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On February 7, 2022, the Small Business Administration’s (SBA) changes to the “surviving spouse” provision in its regulations on Service Disabled Veteran Owned Small Business (SDVOSB) status became effective.  SBA had issued a direct final rule covering this change, 86 FR 61670, on November 8, 2021.

In brief, SBA’s now provides for a 3-year window for a surviving spouse to maintain ownership and control of a SDVOSB in cases where the deceased veteran’s service-connected disability was rated as less than 100 percent disabling.  Prior to the change, the veteran must have died as a result of their disability or been 100 percent service disabled in order for the entity to continue to qualify as owned and controlled by a service-disabled veteran following the death of the service-disabled veteran.

The surviving spouse provision in 13 C.F.R. § 125.12(i) applies in instances where the death or disability of a service-disabled veteran causes the concern to be less than 51 percent owned by one or more service-disabled veterans.  The intent is to allow a concern to continue to qualify for SDVOSB status for a limited timeframe through the veteran’s surviving spouse so long as the surviving spouse acquires the veteran’s ownership interest.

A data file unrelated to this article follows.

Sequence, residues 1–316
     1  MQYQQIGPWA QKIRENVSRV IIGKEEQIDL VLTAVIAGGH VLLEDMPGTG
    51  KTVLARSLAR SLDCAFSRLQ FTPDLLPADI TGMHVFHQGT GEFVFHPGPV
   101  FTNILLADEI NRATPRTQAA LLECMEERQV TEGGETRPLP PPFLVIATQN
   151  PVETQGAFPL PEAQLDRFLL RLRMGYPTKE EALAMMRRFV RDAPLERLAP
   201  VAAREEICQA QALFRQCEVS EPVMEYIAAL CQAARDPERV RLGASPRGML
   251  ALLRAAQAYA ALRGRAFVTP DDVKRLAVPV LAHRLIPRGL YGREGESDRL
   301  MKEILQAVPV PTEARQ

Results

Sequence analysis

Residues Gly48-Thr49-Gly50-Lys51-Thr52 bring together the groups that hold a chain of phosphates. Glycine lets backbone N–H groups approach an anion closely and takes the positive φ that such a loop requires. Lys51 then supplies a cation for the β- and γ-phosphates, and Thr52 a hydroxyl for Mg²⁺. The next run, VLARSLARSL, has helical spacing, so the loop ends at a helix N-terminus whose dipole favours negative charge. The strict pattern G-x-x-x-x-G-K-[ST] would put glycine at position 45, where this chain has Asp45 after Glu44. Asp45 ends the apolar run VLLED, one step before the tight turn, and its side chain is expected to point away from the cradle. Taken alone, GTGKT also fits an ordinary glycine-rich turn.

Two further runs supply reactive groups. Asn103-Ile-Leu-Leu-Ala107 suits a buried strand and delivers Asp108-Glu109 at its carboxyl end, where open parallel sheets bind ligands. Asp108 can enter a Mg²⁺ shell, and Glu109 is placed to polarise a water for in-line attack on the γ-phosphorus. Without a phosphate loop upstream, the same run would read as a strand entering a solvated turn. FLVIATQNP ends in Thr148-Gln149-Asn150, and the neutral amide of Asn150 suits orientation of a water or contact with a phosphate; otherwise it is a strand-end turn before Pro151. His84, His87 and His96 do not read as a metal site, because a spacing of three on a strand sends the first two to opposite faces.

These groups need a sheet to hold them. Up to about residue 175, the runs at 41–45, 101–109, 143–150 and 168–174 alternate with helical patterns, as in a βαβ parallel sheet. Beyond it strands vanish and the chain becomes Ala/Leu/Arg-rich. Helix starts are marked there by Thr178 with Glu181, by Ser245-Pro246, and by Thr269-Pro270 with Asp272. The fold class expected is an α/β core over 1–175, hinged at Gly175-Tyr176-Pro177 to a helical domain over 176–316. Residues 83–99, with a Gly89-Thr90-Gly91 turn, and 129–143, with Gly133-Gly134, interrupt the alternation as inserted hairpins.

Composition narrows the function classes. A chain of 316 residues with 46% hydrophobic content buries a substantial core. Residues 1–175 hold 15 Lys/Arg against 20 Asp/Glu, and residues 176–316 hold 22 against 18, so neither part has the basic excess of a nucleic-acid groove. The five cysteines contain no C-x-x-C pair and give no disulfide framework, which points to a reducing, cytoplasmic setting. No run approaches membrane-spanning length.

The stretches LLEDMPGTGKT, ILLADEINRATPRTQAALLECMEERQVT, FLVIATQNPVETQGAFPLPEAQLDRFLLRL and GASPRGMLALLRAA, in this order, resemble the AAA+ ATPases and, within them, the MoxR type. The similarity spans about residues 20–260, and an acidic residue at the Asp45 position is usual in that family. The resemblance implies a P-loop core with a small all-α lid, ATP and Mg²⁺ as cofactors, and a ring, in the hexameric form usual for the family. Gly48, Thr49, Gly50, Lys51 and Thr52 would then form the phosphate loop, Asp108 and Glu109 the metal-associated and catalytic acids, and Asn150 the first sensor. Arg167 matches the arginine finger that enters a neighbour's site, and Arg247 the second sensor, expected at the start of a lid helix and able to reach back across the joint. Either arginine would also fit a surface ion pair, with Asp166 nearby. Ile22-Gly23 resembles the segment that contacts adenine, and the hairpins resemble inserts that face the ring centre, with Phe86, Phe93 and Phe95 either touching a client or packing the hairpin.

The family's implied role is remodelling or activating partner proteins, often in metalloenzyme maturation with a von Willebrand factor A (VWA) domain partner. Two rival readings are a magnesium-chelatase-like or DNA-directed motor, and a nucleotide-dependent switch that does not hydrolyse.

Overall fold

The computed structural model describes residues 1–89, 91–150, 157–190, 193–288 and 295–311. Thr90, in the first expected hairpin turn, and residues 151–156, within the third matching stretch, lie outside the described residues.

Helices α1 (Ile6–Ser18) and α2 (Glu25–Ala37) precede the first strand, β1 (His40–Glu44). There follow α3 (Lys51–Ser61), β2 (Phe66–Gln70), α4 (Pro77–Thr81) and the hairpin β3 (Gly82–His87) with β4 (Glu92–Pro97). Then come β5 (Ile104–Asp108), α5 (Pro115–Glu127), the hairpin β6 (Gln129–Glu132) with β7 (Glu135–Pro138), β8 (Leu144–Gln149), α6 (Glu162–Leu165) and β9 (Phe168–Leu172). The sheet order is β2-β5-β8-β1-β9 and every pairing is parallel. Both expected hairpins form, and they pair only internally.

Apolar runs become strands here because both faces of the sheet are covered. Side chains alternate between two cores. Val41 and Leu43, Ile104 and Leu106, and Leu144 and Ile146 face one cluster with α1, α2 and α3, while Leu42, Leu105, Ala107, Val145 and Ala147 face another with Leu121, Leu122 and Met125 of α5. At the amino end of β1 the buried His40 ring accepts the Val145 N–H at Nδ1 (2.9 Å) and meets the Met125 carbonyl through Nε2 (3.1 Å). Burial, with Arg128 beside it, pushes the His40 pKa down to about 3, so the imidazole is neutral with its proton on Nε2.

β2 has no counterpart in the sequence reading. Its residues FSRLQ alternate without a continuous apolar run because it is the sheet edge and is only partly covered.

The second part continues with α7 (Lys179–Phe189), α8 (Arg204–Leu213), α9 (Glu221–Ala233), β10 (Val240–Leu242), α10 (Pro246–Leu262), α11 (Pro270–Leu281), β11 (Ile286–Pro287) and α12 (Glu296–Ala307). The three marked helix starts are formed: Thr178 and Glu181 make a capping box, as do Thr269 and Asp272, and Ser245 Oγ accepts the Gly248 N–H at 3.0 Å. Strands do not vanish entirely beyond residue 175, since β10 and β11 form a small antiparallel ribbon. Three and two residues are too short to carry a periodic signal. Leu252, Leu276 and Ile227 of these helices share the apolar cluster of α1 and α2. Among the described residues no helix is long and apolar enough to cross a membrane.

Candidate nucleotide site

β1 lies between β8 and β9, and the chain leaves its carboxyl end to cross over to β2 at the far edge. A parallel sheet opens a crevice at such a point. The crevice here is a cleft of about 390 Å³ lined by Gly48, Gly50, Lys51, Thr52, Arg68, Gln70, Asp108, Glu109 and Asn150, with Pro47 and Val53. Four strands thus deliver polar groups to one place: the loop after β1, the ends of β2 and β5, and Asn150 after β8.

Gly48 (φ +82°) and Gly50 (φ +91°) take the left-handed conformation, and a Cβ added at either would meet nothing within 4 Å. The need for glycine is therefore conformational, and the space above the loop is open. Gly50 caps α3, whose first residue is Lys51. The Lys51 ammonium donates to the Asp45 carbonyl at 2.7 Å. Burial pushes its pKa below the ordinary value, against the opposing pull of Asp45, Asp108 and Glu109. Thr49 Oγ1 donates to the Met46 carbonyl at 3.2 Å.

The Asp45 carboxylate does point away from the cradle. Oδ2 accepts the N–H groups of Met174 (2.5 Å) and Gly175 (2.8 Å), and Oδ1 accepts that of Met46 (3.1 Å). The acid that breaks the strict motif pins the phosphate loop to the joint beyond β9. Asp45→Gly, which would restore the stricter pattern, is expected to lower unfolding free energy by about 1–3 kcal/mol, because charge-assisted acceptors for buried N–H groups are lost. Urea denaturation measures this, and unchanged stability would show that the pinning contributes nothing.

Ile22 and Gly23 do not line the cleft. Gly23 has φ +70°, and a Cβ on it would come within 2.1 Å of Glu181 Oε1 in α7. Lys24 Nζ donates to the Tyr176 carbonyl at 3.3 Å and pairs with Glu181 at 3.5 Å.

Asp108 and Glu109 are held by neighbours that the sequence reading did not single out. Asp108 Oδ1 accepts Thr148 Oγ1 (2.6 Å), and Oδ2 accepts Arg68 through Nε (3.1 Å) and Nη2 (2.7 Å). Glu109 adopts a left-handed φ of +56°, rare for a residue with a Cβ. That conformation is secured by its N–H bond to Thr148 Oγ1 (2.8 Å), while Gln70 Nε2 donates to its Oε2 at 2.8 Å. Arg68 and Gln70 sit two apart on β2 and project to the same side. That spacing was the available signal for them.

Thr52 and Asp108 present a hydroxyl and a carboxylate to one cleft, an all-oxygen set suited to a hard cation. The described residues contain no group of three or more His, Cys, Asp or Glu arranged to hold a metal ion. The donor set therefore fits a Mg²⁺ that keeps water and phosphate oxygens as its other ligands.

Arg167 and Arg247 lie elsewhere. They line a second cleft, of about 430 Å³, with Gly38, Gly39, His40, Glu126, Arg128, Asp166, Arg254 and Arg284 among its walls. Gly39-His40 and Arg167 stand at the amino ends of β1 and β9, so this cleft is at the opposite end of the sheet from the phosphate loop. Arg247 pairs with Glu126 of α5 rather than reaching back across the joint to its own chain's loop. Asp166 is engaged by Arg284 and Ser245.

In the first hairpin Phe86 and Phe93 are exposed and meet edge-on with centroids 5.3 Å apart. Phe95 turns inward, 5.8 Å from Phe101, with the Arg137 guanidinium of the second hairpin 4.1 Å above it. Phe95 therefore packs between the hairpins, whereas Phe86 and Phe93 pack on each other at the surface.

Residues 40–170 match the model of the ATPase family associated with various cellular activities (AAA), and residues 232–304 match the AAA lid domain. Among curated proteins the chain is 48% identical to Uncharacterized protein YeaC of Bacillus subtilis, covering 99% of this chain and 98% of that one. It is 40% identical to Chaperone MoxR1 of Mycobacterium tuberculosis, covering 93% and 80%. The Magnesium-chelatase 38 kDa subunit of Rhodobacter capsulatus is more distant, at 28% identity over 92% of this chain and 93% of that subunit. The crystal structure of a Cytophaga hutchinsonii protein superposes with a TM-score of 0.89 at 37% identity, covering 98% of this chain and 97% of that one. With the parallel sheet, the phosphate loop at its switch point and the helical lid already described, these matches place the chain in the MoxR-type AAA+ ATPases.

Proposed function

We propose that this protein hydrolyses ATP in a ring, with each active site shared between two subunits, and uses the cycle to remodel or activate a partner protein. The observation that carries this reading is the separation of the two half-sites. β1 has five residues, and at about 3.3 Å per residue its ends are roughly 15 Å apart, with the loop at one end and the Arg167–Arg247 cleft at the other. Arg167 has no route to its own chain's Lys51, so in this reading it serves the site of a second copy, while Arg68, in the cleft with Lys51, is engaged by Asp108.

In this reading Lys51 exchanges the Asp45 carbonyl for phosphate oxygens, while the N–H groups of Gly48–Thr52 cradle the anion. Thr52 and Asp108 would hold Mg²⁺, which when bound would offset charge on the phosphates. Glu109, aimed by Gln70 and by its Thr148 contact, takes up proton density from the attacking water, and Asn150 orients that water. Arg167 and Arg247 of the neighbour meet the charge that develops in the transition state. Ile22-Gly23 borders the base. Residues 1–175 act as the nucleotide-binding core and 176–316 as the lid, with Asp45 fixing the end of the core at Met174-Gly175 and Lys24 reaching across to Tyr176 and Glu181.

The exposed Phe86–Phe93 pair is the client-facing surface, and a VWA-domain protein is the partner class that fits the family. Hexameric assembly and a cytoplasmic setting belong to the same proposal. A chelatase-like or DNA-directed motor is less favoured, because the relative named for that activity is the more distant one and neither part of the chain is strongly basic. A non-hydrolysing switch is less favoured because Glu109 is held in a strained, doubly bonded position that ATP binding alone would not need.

The SBA’s regulations now provide the following two time periods dependent on the veteran’s death and service-connected disability rating:

10 Years after the death of the veteran where the veteran had a Service-connected disability rated as 100 percent disabling or who died as a result of a service-connected disability.

3 Years after the death of the veteran where the veteran had a Service-connected disability rated less than 100 percent disabling.

The change implements Section 876 of National Defense Authorization Act for Fiscal Year 2020, which amended treatment of surviving spouses with regard to the program’s ownership requirements – specifically through the creation of two eligibility time periods for the surviving spouse of a veteran.  The change prevents unfortunate and unforeseen problems in instances where a less-than 100 percent disabled veteran dies from circumstances unrelated to their disability.